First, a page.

– By Steve Robins
What Should You Market?
It seems so obvious. If you have a product to sell, you must to market that product. But as it turns out, marketing your product is not always the best way to go.
Depending on the product’s market maturity, you may actually be better off not marketing the product. That’s right, don’t market the product.
If you’ve read Geoffrey Moore’s Crossing the Chasm, you already know that technology markets move through a bell curve of market adoption, progressing from sales to Innovators and Early Adopters, across The Chasm (we hope) and rising sharply with sales to the Early Majority and Late Majority, and then dropping as only the Laggards remain to purchase the technology.
In the Beginning
Let’s suppose you start a company and ready the release of your first product based on a new technology. Surprise: you don’t really want thousands of new customers on day one. Really. Rather, goal #1 should be to make sure that your company and your product are running smoothly (seriously). You need to test out the system – does the product work as promised? Does it fulfill the right needs? Oh – and will people and/or companies be willing to actually pay you (a reasonable price) for it?
Hard to believe but at this point, you really, really don’t want marketing. Your worst nightmare would be thousands of prospects lining up to buy a new product… that doesn’t work! Think of those support calls! And the returned product! And miserable employees. Instead, line up your first customers and work closely with them to understand their challenges, needs and required product updates. Better to gain a few solid reference-able customers than a thousand unhappy ones. Don’t worry, you’ll get there.
Market the Product to Early Adopters
Now, fast forward. Your product is selling to a solid group of Innovators and Early Adopters who want to use it to drive innovation in their companies. They need to know that your product performs as advertised and they need to know its technical capabilities. They’re smart enough to figure out what to do with it, and they’re willing to take a risk on your technology to do that. Sure you can talk vision. But this is the perfect time to market your product’s raw technology, features and capabilities.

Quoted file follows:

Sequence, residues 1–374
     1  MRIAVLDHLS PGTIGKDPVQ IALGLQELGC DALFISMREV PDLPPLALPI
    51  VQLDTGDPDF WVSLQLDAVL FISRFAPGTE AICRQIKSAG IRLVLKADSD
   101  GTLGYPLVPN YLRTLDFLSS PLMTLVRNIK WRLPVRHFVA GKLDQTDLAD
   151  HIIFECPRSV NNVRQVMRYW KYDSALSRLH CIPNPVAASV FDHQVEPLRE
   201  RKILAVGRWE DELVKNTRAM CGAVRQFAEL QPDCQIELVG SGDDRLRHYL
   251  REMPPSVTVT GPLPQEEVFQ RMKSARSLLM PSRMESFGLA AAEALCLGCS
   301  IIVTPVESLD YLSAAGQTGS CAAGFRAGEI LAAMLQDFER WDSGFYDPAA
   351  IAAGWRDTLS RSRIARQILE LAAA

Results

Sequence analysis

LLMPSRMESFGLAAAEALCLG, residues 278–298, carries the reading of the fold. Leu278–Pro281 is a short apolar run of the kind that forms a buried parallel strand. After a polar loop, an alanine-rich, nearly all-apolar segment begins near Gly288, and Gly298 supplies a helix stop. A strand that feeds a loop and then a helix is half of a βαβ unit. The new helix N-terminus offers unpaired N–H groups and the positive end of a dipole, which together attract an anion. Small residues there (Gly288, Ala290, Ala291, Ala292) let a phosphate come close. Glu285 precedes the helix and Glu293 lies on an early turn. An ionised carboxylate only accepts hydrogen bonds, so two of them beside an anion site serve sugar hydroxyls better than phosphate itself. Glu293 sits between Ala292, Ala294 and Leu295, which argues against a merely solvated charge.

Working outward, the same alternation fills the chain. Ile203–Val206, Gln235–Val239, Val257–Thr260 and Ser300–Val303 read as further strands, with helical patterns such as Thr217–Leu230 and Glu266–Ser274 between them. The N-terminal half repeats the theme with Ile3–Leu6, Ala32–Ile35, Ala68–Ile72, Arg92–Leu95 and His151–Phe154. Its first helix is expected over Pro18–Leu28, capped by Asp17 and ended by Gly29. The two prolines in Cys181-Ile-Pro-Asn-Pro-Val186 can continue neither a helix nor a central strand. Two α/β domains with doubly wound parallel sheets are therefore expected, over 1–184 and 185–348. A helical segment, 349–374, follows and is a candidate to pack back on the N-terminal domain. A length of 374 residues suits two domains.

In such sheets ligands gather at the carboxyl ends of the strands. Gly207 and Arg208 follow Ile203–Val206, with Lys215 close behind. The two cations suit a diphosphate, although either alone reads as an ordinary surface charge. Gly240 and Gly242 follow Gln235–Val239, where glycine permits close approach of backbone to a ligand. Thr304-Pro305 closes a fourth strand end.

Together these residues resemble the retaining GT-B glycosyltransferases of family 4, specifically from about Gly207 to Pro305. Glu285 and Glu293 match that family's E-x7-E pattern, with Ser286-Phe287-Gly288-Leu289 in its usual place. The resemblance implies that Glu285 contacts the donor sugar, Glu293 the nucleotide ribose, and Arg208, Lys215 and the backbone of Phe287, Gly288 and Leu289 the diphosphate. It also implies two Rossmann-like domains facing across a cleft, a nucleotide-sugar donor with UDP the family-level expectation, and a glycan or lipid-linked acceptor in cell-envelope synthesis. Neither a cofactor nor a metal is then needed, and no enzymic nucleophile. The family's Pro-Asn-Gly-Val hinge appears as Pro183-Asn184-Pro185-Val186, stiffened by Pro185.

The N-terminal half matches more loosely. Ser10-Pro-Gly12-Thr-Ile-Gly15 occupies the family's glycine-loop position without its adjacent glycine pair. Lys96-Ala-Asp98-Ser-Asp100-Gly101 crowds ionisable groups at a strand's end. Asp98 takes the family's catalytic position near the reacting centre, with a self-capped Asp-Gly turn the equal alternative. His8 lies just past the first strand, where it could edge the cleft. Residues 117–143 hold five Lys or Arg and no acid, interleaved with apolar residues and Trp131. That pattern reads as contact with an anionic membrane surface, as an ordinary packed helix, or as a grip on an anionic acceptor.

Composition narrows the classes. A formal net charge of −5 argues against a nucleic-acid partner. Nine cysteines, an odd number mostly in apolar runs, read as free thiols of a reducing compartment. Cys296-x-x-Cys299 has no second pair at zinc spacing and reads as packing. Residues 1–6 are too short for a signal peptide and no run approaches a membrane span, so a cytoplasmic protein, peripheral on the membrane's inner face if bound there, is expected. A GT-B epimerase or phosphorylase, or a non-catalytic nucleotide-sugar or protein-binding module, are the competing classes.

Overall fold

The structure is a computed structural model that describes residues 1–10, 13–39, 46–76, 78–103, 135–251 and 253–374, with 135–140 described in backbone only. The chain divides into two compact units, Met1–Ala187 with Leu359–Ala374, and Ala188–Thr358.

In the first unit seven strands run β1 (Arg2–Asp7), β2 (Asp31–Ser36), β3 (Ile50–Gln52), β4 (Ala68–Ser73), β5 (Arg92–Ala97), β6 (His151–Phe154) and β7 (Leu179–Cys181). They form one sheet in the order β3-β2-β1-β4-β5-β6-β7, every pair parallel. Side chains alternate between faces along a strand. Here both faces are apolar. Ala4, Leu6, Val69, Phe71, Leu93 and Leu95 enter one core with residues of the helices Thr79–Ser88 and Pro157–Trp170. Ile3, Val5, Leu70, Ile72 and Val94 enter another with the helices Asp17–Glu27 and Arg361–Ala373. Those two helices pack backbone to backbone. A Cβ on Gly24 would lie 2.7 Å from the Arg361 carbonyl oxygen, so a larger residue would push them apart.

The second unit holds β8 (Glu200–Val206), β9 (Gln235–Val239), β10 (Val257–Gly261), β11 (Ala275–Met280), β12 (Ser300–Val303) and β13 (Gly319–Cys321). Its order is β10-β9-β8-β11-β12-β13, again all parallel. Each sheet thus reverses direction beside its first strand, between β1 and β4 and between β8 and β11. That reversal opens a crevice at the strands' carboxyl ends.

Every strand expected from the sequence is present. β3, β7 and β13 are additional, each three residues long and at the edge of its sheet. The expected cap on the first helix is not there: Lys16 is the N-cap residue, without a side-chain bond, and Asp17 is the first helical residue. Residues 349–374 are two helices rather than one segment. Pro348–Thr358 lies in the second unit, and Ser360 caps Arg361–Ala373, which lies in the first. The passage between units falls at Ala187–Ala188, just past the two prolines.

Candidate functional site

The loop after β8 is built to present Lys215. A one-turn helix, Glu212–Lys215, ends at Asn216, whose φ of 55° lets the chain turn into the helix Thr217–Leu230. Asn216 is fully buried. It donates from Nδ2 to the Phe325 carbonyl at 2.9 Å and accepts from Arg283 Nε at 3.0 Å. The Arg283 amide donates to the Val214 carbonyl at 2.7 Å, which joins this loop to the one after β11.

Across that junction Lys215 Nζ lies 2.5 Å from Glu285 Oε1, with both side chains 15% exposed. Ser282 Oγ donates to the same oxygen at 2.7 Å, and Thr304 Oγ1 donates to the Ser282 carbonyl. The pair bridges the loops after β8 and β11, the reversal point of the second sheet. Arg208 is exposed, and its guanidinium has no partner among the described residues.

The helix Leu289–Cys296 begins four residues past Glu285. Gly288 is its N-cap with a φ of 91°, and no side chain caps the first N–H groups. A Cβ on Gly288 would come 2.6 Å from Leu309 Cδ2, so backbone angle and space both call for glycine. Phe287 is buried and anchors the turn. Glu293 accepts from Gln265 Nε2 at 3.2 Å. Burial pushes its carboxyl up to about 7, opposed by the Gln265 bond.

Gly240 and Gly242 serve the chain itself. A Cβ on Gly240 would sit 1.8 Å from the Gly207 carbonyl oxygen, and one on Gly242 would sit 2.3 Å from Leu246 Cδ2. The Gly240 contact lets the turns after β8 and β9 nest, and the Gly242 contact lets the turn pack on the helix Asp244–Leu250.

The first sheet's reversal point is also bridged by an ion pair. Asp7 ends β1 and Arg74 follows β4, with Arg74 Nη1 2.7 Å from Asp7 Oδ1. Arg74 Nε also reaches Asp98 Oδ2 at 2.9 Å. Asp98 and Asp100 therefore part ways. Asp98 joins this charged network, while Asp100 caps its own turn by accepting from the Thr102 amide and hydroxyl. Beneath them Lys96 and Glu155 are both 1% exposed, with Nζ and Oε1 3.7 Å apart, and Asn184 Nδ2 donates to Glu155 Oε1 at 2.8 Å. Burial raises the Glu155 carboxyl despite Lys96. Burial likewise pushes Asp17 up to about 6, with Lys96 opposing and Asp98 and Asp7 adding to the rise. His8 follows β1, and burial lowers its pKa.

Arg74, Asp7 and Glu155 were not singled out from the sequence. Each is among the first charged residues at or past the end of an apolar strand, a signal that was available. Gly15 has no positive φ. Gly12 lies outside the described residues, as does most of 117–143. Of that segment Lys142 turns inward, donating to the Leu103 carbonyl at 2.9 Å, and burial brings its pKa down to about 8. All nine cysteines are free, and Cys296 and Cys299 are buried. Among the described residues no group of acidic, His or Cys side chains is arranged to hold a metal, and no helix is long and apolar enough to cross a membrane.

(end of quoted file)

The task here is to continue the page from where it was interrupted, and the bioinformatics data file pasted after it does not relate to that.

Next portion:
Market Solutions As You Hit the Big Time
As the market matures further, the next groups will be more demanding – and less sophisticated. The Early Majoritymay know they’re buying technology but they’re more interested in your technology’s ability to solve their business problems. And they need you to figure out what this means rather than doing it themselves.
The trap: at this point, most tech companies are so wrapped up in their technology and its early success that they focus on marketing the product rather than demonstrating how they solve a business problem.
But this is the time to shift marketing from efforts from products to more complete solutions. Pick a limited set of solutions to offer, build out those solutions and their supporting product capabilities, wrap then in a tech and services ecosystem, and expand the solution list as you and the market grow further. This is Moore’s Bowling Alley.
Whoa – It’s a Tornado!
You may be able to pull back on marketing once you hit the Tornado – and before the tide starts to turn down. For this time, capture all the sales you can – but be prepared to shift back to solution marketing as you hit the Late Majority.
The Way Down
As in the beginning of the technology life cycle, The End may signal time to market products – again. As the technology coasts toward end-of-life, more prospects will actually understand the raw technology itself and won’t require your help to figure it out.
So as you can see, oftentimes, depending on the technology’s maturity, the best way to sell more product may be to market solutions, products, or neither.